With election day fast approaching, what each party has to offer is becoming a little clearer. Philip Clarke picks out the highlights
One by one the main political parties have issued their manifestos, setting out their policies and ambitions – for the economy as a whole and for agriculture.
Farmers Weekly would never presume to tell readers how to vote, but we can set out what is on offer. What is actually delivered by the next government is, of course, open to speculation.
Conservatives “Get Brexit Done – Unleashing Britain’s Potential”
“Get Brexit done” is the mantra of the Conservative Party, as it aims to push on with life outside the European Union.
It sets out a five-point post-Brexit deal for farming, namely:
- A shift from the “bureaucratic” CAP to a new system based on “public money for public goods” with a seven-year transition
- A promise to maintain current EU spending on UK agriculture (about £3.2bn/year) for the next five years
- A requirement for farmers to protect the environment and safeguard animal welfare through an environmental land management system
- Encouragement for the public sector to “buy British”
- An increase in the annual quota under the Seasonal Agricultural Workers Scheme from 2,500 to 10,000, and a points-based system for skilled migrant workers.
Other commitments include a promise to roll out gigabit broadband to every home and business in the country by 2025, with £5bn already earmarked for this purpose.
And, with the Tories promising to put an extra 20,000 more police officers on the streets, some of them should be available to tackle rural crime.
Trade and animals
The manifesto also stresses the importance of free trade as the best way to “increase exports, cut prices for consumers, increase investment and create jobs”.
The Conservatives aim to have 80% of UK trade covered by free trade agreements in the next three years, “starting with the US, Australia, New Zealand and Japan”.
“In all our trade negotiations, we will not compromise on our high environmental protection, animal welfare and food standards,” it says.
On animal welfare, the Conservatives are promising “an end to excessively long journeys for slaughter and fattening” and the abolition of the “cruel live shipment of animals”.
Farmers weekly says
Given that the Conservatives have been in power for almost a decade, the policies outlined in the manifesto contain few surprises.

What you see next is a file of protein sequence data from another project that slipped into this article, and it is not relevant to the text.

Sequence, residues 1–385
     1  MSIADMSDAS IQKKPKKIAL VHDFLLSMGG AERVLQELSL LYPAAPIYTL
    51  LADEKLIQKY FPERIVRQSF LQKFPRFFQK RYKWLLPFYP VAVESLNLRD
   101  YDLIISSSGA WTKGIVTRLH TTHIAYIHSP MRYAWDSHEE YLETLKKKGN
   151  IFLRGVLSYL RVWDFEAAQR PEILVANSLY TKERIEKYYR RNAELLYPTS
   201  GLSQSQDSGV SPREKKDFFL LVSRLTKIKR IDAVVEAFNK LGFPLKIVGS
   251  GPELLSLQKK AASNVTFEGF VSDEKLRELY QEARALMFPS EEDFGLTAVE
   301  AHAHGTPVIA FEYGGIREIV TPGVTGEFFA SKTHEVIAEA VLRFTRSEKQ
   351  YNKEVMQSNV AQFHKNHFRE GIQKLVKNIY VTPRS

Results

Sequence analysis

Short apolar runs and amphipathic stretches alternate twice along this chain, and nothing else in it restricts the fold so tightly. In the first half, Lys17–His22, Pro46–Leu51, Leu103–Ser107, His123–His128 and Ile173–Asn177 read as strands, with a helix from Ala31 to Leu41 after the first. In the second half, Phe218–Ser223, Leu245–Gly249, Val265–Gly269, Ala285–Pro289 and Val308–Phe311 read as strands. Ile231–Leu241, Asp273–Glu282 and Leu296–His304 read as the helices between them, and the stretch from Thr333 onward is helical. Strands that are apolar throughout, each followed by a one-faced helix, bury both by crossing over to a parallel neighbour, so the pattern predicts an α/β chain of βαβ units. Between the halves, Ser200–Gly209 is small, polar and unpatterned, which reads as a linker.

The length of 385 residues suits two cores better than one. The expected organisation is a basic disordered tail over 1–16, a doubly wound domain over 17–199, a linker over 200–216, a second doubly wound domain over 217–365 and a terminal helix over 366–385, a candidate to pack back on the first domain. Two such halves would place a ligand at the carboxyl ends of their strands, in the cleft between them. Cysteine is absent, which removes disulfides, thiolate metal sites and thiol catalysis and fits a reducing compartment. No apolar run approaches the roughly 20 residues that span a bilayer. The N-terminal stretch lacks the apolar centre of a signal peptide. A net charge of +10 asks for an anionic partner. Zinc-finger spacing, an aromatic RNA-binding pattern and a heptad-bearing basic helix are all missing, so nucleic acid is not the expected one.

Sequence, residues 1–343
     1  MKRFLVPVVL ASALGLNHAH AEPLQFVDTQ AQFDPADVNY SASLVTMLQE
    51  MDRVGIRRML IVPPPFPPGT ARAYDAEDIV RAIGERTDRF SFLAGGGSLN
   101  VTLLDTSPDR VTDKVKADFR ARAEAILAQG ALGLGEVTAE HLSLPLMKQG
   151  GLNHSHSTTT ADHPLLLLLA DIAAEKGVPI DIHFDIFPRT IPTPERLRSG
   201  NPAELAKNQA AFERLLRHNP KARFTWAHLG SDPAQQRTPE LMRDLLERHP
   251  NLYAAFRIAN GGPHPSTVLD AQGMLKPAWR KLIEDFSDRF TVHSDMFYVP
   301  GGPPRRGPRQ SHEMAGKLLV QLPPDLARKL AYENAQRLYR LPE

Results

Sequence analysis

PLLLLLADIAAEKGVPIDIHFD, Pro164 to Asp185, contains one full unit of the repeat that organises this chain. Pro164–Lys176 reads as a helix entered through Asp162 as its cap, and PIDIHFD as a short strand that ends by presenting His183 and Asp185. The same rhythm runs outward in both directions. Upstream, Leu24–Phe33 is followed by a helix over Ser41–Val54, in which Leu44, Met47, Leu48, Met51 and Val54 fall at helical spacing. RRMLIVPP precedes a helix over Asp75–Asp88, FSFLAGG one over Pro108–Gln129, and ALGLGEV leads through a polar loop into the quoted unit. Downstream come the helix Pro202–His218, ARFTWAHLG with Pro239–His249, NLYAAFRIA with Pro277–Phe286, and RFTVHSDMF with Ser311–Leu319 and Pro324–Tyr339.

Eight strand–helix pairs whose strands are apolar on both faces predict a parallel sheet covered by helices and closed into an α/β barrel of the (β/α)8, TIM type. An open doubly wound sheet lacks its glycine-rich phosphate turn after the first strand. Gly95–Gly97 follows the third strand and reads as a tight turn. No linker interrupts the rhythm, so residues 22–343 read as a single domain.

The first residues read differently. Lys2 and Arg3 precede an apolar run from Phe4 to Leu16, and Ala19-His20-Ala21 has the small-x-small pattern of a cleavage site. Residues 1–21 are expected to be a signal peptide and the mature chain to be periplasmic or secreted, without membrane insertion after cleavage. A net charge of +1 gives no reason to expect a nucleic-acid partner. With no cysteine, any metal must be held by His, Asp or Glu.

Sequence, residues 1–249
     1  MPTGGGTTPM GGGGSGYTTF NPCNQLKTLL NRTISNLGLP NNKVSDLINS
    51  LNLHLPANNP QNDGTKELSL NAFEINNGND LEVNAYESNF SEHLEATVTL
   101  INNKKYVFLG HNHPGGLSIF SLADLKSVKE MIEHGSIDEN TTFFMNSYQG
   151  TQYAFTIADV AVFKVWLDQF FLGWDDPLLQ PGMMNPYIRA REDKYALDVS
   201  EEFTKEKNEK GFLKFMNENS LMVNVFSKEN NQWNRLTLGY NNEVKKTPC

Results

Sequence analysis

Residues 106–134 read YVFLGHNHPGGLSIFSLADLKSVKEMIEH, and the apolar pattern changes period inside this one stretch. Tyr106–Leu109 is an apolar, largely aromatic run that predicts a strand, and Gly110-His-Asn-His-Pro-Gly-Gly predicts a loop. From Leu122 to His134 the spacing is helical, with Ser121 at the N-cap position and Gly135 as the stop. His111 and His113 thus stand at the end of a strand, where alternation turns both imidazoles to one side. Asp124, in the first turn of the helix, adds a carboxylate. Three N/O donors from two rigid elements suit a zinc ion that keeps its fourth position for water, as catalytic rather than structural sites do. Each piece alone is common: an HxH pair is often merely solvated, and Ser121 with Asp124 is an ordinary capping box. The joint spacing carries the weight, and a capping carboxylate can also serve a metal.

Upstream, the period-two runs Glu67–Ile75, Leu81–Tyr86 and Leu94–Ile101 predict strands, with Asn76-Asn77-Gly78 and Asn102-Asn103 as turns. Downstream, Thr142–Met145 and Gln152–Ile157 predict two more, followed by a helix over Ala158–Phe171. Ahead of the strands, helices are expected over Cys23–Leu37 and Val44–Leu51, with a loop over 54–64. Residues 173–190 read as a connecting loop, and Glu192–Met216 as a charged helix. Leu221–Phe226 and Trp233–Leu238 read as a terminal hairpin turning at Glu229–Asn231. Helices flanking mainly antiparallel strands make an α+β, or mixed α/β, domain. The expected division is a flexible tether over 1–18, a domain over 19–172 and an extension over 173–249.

The most eye-catching is the promise to maintain current funding levels until 2025 – though the phasing out of direct payments to be replaced with an environmental land management system will get under way relatively quickly.
Plans to have legally binding targets for environmental delivery and the banning of live exports are concerning.
Labour “It’s time for real change”
Labour has described its election manifesto as “the most radical and ambitious plan to transform our country in decades”.
Here are 15 significant pledges that would affect food and farming:
- Land Invest in more county council farms and increase access for new entrants
- Wages Re-establish an Agricultural Wages Board in England
- Bovine TB End the “ineffective” badger cull
- Rural crime Boost police resources to tackle rural and wildlife crime
- Brexit Secure a new deal with the EU and put it to a legally binding referendum
- Trade Reject any trade agreements that undermine UK standards
- Flooding Provide an extra £5.6bn in funding to improve flood control
- Climate/environment Set binding new standards for decarbonisation, nature recovery, environmental quality and habitat/species protection
- Agencies Increase funding for Defra executive agencies, including £50m for Natural England
- Local food Establish local food networks
- Food security Establish a national food commission and make food security a reason to intervene in the economy
- Tree-planting Embark on an ambitious programme of tree planting
- Connectivity Provide free broadband for all, delivered by part-nationalising BT
- National Parks Create new National Parks
- Migrant workers Establish a humane immigration system, aimed at meeting the skills and labour shortages that exist in the economy.
Farmers weekly says
It is often said that farmers do better under a Labour government.
Historically, this may have been due to their more interventionist polices – it was a Labour government that introduced the 1947 Agriculture Act, signalling a “golden age” for British farming.
Many of the ideas in the Labour manifesto smack of continued intervention.
Should the overall economy suffer as a result, that may still be good for agriculture, especially if it triggers a further weakening of sterling, which can boost farm incomes.
Liberal Democrats “Stop Brexit. Build a Brighter Future”
A Lib Dem government would mean a shift towards a greener agriculture, but with more money in the pot.
The manifesto promises at least £18bn over five years, equivalent to £3.6bn each year, or about £400m more to UK agriculture than it currently receives under the CAP.
In addition, the Lib Dems would reduce support payments for larger farmers and redistribute the savings to public goods projects, with legally-binding targets for improving water, air, soil and biodiversity .
Suggested measures include:
- A £5bn fund for flood prevention
- The planting of 60 million trees a year by 2025
- Investment in workable vaccines to control bovine TB
- Higher animal welfare standards